Last week Eminem’s acerbic verbal assault on the Tango-faced, fat president of The United States was widely endorsed by the media, Hollywood, blacks and whites. It restored some trust in celebrity culture and the power it can sometimes do for good.
Trump-bashing is common. So why did Eminem’s excoriation of Donald’s Red, White and Blue strike a collective chord? His freestyle calls out his own fans and disowns those who follow Trump. This isn’t what an artist is supposed to do. The result? He’s unambiguous. We trust him.
Yes, this is a white guy talking about mostly black issues. But we know he was raised in a black neighbourhood, that his closest friends and contemporaries are black and that his love for the culture is defining. The dots join up. So, again, we trust him.
But still, why is this white guy the important interlocutor? Why not Jay Z? Because he’s not just preaching to the converted. He has a huge white following; many Trump supporters and plenty of fence sitters. He’s the swing rapper. His verses are accretive, lamenting lame distractions and rally against a ‘democracy of hypocrisy’. Moreover, he doesn’t dumb it down. We might find him offensive. But we trust him.
Eminem also raps about spitting on your onion rings, Doritos, Cheetos and Valium sandwiches. So, I wouldn’t trust him with restaurant advice. And due to the millions of readers A Lot Of Chop enjoys, I get asked, almost hourly, for suggestions. We all have our lanes.
A recommendation is your reputation on the line. There are only a handful of restaurants I trust, knowing they deliver every time. They are; Tayyabs, Brawn and The Hawksmoor.
The Hawksmoor was founded by Will Beckett and Huw Gott in 2006. Their quest was to be the greatest bovine restaurant in London. An Aberdeen Angus antithesis.
It started with a meaty pilgrimage to find the best supplier, covering every corner of the UK with a toothcomb. Their journey would eventually lead them to Yorkshire and the eugenic longhorn cattlebred, bred and butchered by the Ginger Pig. It still supplies them today.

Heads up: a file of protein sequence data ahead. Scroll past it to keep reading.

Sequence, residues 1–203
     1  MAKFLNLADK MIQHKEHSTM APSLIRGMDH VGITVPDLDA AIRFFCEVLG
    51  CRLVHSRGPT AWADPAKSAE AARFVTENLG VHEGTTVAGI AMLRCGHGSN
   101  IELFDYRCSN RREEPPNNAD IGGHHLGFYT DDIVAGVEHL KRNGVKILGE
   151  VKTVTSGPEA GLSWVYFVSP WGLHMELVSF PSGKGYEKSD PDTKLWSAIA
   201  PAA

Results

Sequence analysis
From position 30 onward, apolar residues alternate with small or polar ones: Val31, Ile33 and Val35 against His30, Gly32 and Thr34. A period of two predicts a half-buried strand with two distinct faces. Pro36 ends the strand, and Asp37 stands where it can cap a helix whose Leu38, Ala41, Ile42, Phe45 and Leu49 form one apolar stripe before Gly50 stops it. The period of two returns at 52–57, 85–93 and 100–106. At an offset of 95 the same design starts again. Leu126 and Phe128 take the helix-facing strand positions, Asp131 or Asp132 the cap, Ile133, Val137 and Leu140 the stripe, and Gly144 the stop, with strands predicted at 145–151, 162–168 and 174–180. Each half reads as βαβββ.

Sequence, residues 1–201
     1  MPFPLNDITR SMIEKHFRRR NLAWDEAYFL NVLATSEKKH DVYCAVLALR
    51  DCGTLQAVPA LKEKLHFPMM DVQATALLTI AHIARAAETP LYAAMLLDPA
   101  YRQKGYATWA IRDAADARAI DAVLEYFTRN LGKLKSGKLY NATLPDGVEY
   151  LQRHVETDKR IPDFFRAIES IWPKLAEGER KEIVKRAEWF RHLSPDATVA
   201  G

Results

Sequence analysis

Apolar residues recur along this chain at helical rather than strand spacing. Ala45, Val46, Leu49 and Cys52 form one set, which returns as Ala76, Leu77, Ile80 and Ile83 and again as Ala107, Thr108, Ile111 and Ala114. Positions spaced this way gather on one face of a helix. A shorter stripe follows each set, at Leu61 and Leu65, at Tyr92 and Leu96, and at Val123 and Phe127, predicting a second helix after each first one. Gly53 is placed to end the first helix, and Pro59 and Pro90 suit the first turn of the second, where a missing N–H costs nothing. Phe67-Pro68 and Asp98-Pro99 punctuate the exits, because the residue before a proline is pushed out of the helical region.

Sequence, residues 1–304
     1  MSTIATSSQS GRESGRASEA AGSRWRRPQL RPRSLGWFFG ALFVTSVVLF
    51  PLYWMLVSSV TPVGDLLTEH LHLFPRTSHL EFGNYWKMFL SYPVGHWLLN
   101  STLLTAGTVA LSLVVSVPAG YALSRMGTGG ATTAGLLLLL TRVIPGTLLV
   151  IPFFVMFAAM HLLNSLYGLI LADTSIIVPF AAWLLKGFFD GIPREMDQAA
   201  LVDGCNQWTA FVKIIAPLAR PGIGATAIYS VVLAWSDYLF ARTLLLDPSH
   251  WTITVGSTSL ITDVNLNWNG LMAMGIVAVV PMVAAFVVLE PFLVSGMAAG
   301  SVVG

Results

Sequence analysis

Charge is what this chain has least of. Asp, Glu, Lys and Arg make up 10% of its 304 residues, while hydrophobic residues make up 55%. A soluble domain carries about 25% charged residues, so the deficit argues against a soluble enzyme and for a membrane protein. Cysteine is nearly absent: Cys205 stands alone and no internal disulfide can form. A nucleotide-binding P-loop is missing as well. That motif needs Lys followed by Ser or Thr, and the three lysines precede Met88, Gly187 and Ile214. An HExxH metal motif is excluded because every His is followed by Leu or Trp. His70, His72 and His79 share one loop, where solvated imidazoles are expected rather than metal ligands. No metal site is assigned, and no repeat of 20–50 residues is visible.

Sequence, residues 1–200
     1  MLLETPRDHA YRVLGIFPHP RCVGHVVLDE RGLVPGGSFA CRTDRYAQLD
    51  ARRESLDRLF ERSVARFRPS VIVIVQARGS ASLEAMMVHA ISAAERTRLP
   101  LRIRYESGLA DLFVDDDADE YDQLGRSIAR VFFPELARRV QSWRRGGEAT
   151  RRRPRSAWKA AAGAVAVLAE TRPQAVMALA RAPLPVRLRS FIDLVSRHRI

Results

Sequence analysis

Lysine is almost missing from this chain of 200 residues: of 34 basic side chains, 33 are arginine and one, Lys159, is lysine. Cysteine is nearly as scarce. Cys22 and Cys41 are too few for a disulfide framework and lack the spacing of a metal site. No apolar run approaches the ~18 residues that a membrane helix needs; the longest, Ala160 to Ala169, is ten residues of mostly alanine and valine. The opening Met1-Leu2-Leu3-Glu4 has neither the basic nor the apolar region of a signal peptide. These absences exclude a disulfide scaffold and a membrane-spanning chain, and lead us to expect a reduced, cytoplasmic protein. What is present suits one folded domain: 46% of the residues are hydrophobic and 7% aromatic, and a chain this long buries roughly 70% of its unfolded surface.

Make no mistake, The Hawksmoor is all about the beef. Chateaubriand, Porterhouse, T-bone, Bone-in Prime Rib, Filet, Rib-Eye, Sirloin and Rump steaks are seared on Turkish Josper charcoal grills. They are smoky black-on the outside and sweet, pink and perfect inside. Which is as dirty as it sounds.
You can also have Salcombe crab on toast, Bone marrow with onions, Old Spot belly ribs, Whole native lobster with garlic butter, Triple cooked chips, Herb-fed chicken with wild grilled lemon & Béarnaise, and Pear & almond Bakewell tart, Sticky toffee pudding with clotted cream and their famous Salted Caramel Rolos.
It’s very difficult to describe how it all tastes without needing an ice-cold shower. I’ve never had anything I didn’t enjoy there. My friend Josh goes most weeks and only dislikes their tomato sauce.
Like a perfect partner The Hawkmoor is sensual, tasty and fun; their Ferrero Rocher pudding, Gregg’s inspired Steak Slice and Big Mac are cheeky winks to the low-end. McDonalds and The Hawksmoor are polar opposites in most areas but they have more in common than meats the eye. A Filet-o-Fish or Quarter Pounder with Cheese taste exactly how they did the first time you ever tasted them. This psychological effect hooks us nostalgically to our past. We go back to these places for comfort. The Hawksmoor is a Chesterfield sofa and the Cheers theme tune.
We don’t go to the The Hawksmoor because it’s new or creative or salutary. We go because we trust in their knockout, Shangri La food. And it’s the same, just as good, every single time we go.